As politicians gathered in Egypt this year at COP27, to review progress on climate change, there was at least one cause for optimism: the historic link between rising prosperity and carbon emissions has been broken. This decoupling has been achieved by a change in the relationship between economic growth and energy.

33 countries have in recent years cut emissions while maintaining growth. Around three-fifths are European. But the group also includes America, where emissions fell by 15% between 2007 and 2019 even as GDP per person rose by 23%, as well as others that have joined more recently. These include Australia, where emissions have fallen by 9% since peaking in 2012, and Israel, where they have fallen by 12% in the same period, even as both economies have grown.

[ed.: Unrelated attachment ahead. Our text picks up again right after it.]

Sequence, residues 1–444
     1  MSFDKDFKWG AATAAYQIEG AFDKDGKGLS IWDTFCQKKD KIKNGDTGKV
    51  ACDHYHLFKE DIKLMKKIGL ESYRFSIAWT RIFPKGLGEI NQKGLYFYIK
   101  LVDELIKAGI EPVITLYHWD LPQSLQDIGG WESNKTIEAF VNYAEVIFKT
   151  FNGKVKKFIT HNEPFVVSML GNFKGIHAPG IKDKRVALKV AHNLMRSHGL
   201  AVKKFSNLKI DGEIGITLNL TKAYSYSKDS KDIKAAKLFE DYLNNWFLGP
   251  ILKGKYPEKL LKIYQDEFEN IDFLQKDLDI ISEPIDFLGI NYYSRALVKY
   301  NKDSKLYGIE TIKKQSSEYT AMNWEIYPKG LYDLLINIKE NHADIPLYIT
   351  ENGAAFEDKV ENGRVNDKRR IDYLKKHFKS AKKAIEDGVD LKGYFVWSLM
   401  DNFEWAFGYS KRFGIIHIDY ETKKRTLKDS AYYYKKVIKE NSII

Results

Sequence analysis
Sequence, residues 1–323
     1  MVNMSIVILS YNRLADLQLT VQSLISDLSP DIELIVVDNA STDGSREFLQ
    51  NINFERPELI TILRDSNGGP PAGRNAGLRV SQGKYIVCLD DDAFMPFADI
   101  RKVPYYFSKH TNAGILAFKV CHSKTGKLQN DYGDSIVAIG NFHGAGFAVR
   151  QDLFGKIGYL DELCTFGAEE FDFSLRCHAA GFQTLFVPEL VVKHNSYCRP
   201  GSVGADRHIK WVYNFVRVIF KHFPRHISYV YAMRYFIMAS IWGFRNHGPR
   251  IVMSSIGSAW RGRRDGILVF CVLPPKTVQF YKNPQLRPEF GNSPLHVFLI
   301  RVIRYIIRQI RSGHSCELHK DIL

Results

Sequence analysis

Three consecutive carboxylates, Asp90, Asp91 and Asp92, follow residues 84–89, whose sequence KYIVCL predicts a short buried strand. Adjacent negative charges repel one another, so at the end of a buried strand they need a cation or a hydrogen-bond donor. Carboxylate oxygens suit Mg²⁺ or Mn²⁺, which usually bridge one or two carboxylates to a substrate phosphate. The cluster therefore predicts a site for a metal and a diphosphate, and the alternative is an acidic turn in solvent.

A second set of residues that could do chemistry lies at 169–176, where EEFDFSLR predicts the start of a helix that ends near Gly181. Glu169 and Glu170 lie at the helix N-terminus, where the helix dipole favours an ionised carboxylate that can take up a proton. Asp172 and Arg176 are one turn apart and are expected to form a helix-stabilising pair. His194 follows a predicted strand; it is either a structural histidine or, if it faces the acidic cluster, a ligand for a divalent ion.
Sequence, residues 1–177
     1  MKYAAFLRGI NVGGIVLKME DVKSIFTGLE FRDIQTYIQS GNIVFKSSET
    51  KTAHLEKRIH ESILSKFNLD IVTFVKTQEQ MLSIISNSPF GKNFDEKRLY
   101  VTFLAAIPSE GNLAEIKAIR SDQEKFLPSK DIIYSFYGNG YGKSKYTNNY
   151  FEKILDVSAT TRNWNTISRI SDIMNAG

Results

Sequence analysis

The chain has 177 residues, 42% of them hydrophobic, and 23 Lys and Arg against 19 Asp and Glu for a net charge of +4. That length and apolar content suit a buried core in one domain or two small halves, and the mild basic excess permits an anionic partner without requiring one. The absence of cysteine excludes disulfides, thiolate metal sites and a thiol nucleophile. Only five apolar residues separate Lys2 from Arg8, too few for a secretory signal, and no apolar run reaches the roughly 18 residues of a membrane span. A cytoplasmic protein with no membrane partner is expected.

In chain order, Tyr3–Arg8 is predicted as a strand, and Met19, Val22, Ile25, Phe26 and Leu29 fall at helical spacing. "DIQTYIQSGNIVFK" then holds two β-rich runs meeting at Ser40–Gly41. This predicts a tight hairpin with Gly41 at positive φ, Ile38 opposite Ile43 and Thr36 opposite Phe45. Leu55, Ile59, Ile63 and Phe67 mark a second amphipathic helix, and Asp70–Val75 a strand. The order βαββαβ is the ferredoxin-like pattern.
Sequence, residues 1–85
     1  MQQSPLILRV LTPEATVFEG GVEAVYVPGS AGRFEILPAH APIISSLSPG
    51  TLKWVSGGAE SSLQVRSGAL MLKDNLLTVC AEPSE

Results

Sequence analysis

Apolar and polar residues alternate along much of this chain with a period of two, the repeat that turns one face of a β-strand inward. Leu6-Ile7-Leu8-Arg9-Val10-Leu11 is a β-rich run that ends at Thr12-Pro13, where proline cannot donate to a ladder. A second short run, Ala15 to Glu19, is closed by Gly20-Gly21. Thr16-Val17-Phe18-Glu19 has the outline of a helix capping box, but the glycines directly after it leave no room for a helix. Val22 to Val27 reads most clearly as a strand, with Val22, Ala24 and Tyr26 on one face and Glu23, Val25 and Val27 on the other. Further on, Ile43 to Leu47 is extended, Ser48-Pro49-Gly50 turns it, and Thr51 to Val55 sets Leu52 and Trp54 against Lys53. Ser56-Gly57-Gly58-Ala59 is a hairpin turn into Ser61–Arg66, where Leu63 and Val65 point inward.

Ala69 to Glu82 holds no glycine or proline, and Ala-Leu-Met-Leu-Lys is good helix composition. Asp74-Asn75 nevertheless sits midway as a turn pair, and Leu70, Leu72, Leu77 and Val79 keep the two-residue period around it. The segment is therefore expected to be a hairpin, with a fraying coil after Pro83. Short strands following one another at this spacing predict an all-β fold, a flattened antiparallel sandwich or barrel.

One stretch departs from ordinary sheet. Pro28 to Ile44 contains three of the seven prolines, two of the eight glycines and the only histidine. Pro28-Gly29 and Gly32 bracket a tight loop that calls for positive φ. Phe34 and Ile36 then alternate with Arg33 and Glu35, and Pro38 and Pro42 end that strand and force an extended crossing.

What is the real solution to greenwashing? – Transparency and Honesty

To create sustainable organisations and economies where materials and goods are crafted and aimed to protect the environment, we must end greenwashing. This is a multi-decade process, but this crisis needs to end sooner rather than later.

In her opening letter on November 8th at the annual climate summit, Ms McKenna, UN Secretary General, set the tone: “It’s time to draw a red line around greenwashing.”

Many companies are making bold promises to reduce their emissions of greenhouse gases to zero. According to Accenture, of those however, 93% have no chance of achieving their targets. Few businesses lay out credible investment plans or specify milestones against which progress can be judged.